China allows higher foreign stakes in securities firms
Updated: 2012-10-16 23:04
BEIJING -- China's securities watchdog on Tuesday allowed overseas investors to hold higher stakes in the country's securities firms, its latest effort to relax controls on foreign investment in the financial industry.
Overseas investors can now hold stakes as high as 49 percent in joint-venture securities firms, compared with an investment cap of a third of those companies' equities previously imposed, according to a statement issued by the China Securities Regulatory Commission (CSRC).
At least one domestic investor should own a stake of no lower than 49 percent in such joint venture securities firms, but the restriction does not apply to listed securities firms, the CSRC said.
In another statement, the CSRC said securities firms, including joint ventures, can apply for permission to expand their businesses two years after going into operation in China, shortening the period from the previous five years.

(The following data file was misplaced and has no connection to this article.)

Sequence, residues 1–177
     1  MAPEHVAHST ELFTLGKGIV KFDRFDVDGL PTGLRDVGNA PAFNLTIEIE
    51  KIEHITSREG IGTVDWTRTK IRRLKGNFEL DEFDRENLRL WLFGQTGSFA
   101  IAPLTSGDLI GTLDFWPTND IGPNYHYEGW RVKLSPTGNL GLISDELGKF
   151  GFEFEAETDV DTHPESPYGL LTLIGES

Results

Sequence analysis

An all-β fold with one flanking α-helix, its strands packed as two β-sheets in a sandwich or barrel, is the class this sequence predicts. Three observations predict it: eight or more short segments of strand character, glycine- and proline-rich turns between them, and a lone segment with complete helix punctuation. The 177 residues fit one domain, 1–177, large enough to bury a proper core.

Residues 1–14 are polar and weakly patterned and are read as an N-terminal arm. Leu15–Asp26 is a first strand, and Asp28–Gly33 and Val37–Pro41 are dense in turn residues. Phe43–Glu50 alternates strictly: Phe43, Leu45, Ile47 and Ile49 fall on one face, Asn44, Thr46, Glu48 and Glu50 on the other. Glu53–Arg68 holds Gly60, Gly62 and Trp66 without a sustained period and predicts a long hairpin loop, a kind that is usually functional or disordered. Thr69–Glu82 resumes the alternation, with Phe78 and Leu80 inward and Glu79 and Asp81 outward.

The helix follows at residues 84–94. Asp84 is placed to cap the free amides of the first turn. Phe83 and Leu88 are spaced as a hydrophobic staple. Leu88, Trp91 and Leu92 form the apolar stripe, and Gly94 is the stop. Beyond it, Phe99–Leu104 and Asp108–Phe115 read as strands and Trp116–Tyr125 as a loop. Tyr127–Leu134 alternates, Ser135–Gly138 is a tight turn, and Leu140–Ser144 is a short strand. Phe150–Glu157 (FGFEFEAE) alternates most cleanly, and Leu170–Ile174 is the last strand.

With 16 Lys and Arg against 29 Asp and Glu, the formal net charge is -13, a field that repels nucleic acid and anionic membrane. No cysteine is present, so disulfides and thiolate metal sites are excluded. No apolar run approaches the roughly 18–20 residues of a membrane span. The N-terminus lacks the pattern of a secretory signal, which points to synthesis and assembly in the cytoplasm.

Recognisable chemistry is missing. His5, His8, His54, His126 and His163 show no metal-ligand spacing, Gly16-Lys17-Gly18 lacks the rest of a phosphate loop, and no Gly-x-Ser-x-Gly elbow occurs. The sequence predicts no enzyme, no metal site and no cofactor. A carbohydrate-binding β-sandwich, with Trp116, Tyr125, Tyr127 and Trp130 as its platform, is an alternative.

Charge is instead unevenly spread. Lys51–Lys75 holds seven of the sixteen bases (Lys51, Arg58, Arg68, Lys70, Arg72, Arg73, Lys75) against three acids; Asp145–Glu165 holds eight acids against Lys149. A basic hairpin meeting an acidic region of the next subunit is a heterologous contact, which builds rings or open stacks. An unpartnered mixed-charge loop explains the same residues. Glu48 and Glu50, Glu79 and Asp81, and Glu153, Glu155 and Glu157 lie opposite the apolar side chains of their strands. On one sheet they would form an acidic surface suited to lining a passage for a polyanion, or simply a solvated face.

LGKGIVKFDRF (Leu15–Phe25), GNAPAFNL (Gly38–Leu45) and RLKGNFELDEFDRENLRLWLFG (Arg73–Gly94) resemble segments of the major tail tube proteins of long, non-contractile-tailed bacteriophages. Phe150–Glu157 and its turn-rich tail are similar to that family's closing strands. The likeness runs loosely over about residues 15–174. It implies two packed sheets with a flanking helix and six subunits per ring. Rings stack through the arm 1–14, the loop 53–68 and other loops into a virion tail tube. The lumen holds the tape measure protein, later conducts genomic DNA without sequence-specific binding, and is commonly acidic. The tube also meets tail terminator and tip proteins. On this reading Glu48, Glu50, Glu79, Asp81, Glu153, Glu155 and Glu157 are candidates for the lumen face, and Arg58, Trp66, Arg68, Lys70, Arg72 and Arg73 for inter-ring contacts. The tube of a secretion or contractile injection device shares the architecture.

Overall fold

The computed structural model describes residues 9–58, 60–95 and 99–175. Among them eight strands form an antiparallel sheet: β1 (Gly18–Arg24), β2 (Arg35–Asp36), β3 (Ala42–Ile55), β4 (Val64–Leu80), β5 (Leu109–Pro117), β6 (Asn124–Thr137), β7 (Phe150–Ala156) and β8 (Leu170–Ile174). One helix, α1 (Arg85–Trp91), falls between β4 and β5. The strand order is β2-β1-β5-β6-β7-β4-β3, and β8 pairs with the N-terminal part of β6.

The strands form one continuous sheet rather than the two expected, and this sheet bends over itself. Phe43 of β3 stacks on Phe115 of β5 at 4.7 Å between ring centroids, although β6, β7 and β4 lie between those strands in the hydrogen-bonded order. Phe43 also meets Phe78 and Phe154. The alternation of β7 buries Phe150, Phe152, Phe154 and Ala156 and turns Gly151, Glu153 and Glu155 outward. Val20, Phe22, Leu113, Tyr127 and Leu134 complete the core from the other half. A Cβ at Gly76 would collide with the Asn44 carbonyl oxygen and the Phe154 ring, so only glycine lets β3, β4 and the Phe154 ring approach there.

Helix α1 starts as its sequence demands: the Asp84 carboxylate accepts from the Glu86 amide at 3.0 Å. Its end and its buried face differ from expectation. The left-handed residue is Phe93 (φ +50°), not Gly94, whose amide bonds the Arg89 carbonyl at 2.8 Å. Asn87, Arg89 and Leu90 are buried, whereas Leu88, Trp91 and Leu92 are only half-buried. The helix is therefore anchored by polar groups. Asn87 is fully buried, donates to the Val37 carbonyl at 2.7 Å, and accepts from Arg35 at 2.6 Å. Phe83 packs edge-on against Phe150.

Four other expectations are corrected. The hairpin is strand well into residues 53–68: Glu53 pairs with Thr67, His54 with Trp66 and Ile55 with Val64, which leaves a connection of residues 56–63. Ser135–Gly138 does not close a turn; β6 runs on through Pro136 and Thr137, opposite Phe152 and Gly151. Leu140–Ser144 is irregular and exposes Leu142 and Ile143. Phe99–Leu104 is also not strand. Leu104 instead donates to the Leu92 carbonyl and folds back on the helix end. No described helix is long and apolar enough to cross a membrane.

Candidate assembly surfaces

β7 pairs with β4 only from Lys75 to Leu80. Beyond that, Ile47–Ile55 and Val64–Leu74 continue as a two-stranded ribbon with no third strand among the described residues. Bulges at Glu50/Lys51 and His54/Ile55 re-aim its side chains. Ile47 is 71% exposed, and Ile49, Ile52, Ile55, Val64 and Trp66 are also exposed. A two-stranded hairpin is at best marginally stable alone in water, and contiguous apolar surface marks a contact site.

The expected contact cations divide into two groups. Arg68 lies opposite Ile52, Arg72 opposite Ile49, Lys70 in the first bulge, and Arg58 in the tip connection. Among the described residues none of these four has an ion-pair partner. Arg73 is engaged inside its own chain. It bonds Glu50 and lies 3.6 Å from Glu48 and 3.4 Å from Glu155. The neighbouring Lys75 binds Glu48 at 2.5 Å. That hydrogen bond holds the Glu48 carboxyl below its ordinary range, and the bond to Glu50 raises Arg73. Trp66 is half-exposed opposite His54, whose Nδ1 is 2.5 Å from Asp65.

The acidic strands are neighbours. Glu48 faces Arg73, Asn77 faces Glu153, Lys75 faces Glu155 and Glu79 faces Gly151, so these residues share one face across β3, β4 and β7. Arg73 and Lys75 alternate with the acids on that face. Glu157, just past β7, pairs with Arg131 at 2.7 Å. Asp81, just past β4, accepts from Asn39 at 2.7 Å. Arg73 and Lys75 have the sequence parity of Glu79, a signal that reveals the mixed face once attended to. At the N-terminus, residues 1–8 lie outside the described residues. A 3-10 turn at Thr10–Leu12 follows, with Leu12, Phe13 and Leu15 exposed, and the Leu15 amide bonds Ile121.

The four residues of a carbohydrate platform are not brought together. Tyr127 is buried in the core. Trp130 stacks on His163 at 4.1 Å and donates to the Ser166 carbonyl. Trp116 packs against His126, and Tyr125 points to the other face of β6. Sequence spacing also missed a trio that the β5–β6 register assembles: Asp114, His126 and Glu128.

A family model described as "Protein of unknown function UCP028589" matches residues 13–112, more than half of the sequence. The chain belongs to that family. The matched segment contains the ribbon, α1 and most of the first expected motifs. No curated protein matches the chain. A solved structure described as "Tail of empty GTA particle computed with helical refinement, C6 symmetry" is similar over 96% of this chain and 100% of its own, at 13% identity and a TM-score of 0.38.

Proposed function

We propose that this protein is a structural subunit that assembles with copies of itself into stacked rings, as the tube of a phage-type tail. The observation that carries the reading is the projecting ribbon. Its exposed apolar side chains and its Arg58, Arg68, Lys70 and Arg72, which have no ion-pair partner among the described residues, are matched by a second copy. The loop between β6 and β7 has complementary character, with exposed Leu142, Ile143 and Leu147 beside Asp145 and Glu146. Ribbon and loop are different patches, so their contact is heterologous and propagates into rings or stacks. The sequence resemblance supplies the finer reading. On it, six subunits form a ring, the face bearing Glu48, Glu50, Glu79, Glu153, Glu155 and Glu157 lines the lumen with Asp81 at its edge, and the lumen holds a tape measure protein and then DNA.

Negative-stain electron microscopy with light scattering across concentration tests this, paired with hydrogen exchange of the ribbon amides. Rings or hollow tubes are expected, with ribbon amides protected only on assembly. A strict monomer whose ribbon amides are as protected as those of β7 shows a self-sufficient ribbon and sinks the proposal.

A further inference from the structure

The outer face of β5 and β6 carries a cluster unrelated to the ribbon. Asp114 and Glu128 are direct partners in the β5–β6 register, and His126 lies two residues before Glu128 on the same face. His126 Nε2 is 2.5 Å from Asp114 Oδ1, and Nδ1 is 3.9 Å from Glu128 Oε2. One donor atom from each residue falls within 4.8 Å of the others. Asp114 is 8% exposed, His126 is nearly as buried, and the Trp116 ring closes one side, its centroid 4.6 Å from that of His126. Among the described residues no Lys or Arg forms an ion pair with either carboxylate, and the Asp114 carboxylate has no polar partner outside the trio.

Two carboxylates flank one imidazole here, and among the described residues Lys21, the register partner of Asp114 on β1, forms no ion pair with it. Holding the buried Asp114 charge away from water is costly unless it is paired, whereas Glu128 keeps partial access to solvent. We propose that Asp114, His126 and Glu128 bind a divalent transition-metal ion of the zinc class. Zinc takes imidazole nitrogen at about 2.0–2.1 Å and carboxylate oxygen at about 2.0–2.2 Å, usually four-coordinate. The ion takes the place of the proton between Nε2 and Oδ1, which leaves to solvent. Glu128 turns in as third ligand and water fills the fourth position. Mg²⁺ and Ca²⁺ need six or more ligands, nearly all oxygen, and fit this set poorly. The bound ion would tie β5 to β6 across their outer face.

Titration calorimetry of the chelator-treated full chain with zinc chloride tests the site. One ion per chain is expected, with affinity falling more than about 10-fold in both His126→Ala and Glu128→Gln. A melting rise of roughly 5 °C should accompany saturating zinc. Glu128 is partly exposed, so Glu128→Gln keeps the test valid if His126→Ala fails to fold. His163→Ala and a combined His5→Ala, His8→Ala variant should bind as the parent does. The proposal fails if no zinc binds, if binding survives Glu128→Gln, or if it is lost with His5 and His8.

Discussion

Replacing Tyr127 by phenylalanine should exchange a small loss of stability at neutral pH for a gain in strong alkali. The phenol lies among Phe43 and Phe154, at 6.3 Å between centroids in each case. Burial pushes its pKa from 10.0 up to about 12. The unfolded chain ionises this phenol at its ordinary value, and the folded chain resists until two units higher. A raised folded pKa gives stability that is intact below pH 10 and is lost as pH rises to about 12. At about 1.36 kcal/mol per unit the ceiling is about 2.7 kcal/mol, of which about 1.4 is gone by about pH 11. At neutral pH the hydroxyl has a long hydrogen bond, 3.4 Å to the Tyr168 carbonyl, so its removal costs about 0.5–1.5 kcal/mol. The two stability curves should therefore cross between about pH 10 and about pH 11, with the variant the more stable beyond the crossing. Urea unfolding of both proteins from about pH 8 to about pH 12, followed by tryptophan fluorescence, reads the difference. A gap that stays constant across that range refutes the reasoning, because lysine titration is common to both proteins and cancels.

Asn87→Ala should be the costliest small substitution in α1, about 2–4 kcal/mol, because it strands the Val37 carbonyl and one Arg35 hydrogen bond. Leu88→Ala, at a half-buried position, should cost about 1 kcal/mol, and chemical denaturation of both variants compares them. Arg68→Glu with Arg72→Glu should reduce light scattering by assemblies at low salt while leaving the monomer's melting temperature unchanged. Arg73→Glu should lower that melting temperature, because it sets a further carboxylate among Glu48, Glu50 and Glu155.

The policy changes took effect on Tuesday and came after other steps taken by China to further open its financial markets and ease restrictions on foreign investors.
In July, the country lowered its threshold for qualified foreign institutional investors (QFIIs) and allowed them to hold up to a 30-percent stake in a listed company, up from the previous 20-percent stake cap.
The government has also accelerated QFII approvals since the start of 2012, and increased total QFII quotas to $80 billion from the previous $30 billion in April.
Seven more QFIIs were approved in September, bringing the total number of QFIIs in China to 188, the CSRC said on Tuesday.
China launched its QFII program in 2002 to allow overseas investors to make investments in China's stock market under a preset investment quota of $10 billion.